Music Makers: Christopher Terrell on Son Chris Feed’s Blossoming Career

After finding his own success in Raleigh and in NYC, songwriter and musician Christopher Terrell guides his son Chris Feed toward his own music career.
Written by Lori D.R. Wiggins
Photography by Jeffrey Williamson

Christopher Terrell left his first digs, in a Raleigh trailer park, at 21. He was headed to New York City. He was there to make it in music—and he did. Terrell collaborated with R&B and hip-hop producers and artists, recorded over 100 songs, and caught the attention of RCA Records and Sean “Diddy” Combs. He also wrote a chart-topping hit single, Struggle No More, for Tyler Perry’s 2007 blockbuster movie, Daddy’s Little Girls. The song was recorded by Grammy-winning Charlotte native Anthony Hamilton. 

Terrell’s success didn’t come out of nowhere: He met music early, growing up in Southeast Raleigh’s Washington Terrace and Worthdale communities. His great-grandfather, Jarvis Terrell, recorded what is believed to be the first black gospel album in North Carolina. His uncle and cousins formed a gospel troupe, The Goldeneers of Garner, and “toured all over the Bible Belt,” says Terrell. Of being a five-year-old singing in the Good Samaritan Baptist Church choir in Garner, Terrell says, “I was inspired by that.” 

But in 2006, after 15 years in New York, Terrell moved back home. Despite being a native New Yorker, his wife Melissa convinced him that Raleigh was the best place to raise the couple’s three young children. Terrell kept music close as a singer and songwriter, and as a member of his church’s praise and worship team and choir. He also zeroed in on Writing Life Entertainment, a company he created in New York as a platform for other artists, including The New Journey Project, a multi-genre Raleigh band of various artists Terrell put together for the 2011 album, It’s Cool to Love God.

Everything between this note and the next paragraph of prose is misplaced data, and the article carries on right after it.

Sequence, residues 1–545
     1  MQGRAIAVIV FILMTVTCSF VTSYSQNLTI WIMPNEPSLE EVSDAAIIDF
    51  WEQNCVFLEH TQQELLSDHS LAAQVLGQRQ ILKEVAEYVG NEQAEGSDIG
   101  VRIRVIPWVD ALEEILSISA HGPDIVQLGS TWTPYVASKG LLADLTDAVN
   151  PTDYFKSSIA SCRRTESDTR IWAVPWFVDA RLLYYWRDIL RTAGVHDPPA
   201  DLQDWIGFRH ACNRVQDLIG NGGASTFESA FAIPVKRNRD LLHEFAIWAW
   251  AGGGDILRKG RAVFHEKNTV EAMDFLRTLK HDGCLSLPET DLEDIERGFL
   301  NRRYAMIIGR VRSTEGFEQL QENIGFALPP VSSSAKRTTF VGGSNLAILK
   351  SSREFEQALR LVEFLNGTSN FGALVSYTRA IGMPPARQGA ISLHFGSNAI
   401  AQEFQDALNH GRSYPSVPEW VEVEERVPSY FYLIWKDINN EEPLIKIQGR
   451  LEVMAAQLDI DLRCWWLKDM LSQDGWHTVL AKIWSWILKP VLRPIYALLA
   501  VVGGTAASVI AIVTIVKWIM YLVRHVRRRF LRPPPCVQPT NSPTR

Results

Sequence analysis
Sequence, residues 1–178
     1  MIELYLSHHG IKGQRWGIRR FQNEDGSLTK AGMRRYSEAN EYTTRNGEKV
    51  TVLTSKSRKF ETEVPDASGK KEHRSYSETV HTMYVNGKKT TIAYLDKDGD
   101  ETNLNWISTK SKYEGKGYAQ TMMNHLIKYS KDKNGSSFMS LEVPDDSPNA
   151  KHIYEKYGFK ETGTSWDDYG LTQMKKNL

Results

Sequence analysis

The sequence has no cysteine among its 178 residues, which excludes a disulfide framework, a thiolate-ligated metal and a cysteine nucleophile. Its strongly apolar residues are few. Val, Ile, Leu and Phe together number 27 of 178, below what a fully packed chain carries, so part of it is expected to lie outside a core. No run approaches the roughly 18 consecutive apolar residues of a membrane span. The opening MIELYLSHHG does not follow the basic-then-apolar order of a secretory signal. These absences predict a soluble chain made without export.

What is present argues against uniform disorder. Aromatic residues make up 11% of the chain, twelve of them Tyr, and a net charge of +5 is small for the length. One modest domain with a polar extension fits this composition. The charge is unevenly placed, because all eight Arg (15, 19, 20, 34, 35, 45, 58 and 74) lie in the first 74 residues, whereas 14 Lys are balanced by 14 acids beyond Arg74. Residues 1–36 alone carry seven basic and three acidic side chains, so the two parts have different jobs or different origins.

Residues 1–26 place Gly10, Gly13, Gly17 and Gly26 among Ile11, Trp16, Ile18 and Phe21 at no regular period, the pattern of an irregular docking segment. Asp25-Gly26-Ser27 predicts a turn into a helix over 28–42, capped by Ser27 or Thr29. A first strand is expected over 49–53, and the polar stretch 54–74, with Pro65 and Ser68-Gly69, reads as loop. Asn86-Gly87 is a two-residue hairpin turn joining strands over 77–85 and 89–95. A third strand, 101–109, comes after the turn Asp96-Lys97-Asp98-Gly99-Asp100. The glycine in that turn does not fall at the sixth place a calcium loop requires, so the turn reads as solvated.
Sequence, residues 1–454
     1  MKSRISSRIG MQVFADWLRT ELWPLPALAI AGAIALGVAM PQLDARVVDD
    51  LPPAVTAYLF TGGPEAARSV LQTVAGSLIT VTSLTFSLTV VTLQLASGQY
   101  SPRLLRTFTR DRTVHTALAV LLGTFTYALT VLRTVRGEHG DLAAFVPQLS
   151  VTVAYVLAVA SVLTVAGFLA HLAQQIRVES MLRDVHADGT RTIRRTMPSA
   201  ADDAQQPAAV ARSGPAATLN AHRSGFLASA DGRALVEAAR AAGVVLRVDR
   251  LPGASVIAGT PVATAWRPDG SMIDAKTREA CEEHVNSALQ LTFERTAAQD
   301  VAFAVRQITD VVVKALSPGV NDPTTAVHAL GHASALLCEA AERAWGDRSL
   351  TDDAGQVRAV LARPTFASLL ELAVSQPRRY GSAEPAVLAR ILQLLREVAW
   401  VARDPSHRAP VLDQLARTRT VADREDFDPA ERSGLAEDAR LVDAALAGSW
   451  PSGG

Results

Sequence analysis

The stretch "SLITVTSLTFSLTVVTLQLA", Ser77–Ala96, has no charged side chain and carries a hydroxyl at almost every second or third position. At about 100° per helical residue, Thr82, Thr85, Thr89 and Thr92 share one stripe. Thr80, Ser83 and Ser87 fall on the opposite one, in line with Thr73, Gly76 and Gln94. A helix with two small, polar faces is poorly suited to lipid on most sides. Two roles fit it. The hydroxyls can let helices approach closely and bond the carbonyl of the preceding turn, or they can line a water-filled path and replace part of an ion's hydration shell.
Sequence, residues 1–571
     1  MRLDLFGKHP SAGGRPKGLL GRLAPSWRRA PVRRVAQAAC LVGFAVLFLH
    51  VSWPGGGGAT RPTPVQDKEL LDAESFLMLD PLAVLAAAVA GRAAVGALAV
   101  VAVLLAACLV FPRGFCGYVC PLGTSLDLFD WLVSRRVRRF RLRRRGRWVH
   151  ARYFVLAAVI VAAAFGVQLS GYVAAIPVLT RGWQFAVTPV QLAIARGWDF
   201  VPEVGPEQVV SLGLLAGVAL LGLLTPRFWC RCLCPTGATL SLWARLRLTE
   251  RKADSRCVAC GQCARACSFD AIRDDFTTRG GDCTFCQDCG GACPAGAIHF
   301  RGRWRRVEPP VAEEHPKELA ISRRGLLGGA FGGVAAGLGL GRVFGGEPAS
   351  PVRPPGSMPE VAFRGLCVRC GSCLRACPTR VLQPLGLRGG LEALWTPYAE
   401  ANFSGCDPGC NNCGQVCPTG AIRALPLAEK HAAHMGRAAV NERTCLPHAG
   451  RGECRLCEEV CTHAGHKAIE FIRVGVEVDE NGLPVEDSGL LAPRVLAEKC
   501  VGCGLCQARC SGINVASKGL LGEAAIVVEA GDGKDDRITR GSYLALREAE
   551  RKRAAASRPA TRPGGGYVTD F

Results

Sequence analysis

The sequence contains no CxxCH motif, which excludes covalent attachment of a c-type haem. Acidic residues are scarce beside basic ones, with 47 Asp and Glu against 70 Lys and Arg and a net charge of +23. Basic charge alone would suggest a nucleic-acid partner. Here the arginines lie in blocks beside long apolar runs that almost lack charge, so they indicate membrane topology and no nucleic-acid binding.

When his young children began to show interest in music, he resisted the urge to be a Dadager (that’s a dad + manager, the bane of many a child star) until they got older. But recently, Terrell has turned his focus to his middle child, son Christopher Terrell, Jr., a senior at Wakefield High School. “I didn’t want to push him,” Terrell says. “In this business, you’ve got to love it, first—have that passion and a good work ethic. If you’re just in it for the money, it won’t happen, or it won’t last.” 

In 2016, Christopher Terrell, Jr. was ready to start a singing career, but his voice was changing because of puberty, so the focus became songwriting and stage presence. 

Then, in January 2017, just as his son’s tone evened out, Terrell Sr. was diagnosed with prostate cancer. “That put fire into me,” he said, feeling an urgency to usher his son into the music industry. The diagnosis, which he says is still “under surveillance” has made him want to go harder. 

Terrell wanted to stay well in the fight for at least four reasons: To be with his love, Melissa; to usher his oldest daughter, Zaina, a senior at Winston-Salem State University, into career success; to dance with his youngest, Destiny, a Wakefield High School junior, at her Quinceanera; and to seal his legacy by guiding his namesake toward success in an industry they both love. (Think: Paul and James McCartney, Olu Dara and NAS, Eddie and the late Gerald Levert.) Terrell worked to tap into his son’s talents, his own experience and entrepreneurial spirit—as well as his grassroots social media and industry networks—to introduce his son to the world as Chris Feed later that year.